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Clearly, my students had fun in Humanities class today as they crafted funny, creative, and slightly scary stories.  Mixing things up a bit on fun days like Halloween, engages the students and gets them excited.  Trying something new today brought out the writers in all of my students.  It was awesome.  Even though I was worried that my students would be over excited and unfocused in class today, because I made use of a new and fun activity, they were hooked.  I won their focus, effort, and attention today.  Yes!  Winner, winner, candy for dinner.  So, on fun days like Halloween, to help keep our students dedicated and focused on learning and growing, we try new and unique activities like a Halloween Writing Extravaganza or pumpkin dissections.  What boy wouldn’t want to write a creepy story or dissect a living organism that has innards the consistency of brains?

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What’s the Most Effective Way to Help Students Feel Prepared for an Assessment?

Ughhh, tests.  I hate them.  In fact, I hate everything about them.  I was never a good test-taker in school and so my grades were never perfect since I usually flopped on major tests and quizzes.  I felt like my teachers created test questions just to trick us, the students.  Why?  What purpose does that serve other than asserting one’s authority?  Students are not going to respect a teacher who purposefully creates difficult and tricky tests and quizzes.  And don’t even get me started on standardized testing.  A monkey could complete a standardized test and score better than me.  What does that prove?  That I’m dumber than monkey?  Although that may be true regarding some topics, it simply proves that any mammal with fingers can fill in a bubble.  Standardized tests do not showcase an individual’s knowledge of concepts or subjects, but rather are a waste of valuable time.  Just talking about testing makes me angry.  I detest everything about it.  However, I do also realize that my students are going to face the unnecessary pressure of testing throughout their academic futures, and so I must prepare them for what is to come.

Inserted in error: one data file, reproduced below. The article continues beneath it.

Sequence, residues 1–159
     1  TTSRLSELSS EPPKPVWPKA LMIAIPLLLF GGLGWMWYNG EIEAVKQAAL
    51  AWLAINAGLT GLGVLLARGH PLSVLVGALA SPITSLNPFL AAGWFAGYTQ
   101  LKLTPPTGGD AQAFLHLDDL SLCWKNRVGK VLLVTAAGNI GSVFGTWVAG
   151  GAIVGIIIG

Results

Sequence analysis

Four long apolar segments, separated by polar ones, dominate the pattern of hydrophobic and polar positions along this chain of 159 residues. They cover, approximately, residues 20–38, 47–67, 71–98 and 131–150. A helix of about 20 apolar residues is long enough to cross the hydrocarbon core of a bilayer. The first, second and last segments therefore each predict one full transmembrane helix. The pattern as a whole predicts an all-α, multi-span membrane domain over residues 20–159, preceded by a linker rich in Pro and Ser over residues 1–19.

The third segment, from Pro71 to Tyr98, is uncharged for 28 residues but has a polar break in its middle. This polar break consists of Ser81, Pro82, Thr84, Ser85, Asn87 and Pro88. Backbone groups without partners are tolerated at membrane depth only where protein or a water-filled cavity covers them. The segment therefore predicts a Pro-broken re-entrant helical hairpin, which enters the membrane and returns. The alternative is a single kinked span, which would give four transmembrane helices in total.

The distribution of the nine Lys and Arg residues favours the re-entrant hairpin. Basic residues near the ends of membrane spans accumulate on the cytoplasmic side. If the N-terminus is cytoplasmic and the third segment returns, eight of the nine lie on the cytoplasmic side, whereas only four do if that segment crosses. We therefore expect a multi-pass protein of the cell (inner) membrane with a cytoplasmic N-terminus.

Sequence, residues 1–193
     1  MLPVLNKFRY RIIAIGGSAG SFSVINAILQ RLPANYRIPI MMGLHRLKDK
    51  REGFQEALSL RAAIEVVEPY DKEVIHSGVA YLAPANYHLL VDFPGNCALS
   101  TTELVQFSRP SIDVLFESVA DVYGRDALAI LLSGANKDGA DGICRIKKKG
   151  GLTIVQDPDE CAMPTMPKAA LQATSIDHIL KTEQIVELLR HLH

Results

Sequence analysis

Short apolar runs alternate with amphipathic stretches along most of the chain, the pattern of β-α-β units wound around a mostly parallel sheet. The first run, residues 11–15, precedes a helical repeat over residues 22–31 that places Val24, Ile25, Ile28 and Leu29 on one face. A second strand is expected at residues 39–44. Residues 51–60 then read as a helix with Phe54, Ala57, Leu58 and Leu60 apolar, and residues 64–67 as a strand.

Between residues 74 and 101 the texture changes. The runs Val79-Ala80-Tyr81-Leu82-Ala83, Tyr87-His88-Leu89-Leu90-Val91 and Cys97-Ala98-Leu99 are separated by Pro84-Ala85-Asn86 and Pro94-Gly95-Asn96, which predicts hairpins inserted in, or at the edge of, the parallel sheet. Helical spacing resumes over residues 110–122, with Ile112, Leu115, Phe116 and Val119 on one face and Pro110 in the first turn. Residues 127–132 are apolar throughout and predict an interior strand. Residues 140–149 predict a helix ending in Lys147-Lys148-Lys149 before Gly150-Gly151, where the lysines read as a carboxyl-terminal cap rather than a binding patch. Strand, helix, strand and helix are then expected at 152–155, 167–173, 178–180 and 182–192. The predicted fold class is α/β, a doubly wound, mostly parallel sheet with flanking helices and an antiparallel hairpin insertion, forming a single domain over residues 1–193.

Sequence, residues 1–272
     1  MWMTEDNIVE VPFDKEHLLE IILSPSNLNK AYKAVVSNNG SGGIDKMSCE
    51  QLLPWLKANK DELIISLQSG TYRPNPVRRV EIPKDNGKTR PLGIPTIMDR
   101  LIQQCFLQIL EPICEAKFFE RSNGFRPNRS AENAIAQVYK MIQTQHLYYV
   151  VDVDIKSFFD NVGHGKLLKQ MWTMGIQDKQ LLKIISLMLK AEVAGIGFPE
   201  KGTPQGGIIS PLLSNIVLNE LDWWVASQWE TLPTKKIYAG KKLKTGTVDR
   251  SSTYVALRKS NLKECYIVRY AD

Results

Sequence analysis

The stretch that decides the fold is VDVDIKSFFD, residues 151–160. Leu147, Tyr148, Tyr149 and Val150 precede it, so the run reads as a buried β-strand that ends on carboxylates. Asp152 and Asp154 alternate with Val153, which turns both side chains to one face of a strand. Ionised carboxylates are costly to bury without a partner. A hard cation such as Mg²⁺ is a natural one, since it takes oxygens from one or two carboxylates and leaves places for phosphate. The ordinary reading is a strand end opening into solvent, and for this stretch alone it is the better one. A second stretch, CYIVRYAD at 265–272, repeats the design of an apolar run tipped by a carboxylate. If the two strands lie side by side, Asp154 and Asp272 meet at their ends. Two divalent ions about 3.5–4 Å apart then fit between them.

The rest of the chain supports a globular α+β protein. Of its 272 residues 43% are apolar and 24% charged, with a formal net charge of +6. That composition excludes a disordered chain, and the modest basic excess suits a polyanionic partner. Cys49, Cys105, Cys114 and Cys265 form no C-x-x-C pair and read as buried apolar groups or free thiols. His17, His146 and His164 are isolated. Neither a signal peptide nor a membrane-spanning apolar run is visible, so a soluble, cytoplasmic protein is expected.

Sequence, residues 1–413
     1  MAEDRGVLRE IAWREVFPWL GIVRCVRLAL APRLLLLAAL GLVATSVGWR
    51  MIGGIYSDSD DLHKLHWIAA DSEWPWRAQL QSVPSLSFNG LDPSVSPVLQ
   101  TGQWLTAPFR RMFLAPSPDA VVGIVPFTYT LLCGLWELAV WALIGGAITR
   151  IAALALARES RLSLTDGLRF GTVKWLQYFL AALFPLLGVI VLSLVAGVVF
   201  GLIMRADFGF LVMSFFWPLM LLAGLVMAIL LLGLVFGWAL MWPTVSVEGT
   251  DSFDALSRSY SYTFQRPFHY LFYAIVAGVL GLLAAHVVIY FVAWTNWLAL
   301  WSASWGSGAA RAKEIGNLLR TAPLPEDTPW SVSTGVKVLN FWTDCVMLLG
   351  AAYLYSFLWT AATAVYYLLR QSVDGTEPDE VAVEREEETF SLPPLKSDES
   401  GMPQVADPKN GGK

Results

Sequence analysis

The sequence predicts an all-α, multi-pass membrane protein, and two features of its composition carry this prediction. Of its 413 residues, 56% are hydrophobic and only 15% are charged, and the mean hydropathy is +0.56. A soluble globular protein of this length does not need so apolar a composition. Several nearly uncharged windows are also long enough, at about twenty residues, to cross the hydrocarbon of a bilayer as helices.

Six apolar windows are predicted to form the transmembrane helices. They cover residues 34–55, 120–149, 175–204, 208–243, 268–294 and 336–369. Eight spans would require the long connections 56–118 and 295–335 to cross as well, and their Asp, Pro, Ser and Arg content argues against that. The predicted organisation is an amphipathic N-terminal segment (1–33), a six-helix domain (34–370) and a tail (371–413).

B-wait for it-UT, I can definitely make the testing experience for my students much better than my past horror stories.  I don’t have to create difficult tests.  I don’t have to try to fool my students.  I don’t have to foster unending pressure within my students regarding testing.  I can actually make the testing experience for my students enjoyable and non-threatening.  It starts with the actual name: Test.  I do not test my students as if they are rats in a cage.  This is not Salem and I do not need to find out if my students are witches.  I do assess my students.  How are they progressing towards meeting and/or exceeding the objectives?  What else can I do to help support them on their journey of learning and understanding?  I don’t test my students, I assess them.  The “tests” I give them are called assessments.  An effective assessment should allow students to demonstrate their knowledge of a topic, skill, or concept in a simple, straightforward manner.  They are also not the end-all-be-all of the learning process.  Students can be assessed multiple times in multiple different ways.  If a student does not do well on a written assessment, I will assess him orally to determine his understanding of the content.  I want my students to be successful and so I will do whatever it takes to help them be and feel a sense of accomplishment and pride in the learning process.  I also allow redos on written assessments for those interested students.  While the redo process is cumbersome and challenging, it truly showcases a student’s learning and allows me to know if they have mastered the concept or not.  It also helps teach the students the valuable lesson of preparation: Redos are not necessary if you are prepared going into a written assessment.  Assessing students is a process and not a singular event.  I want my students to see learning as a journey and not a destination.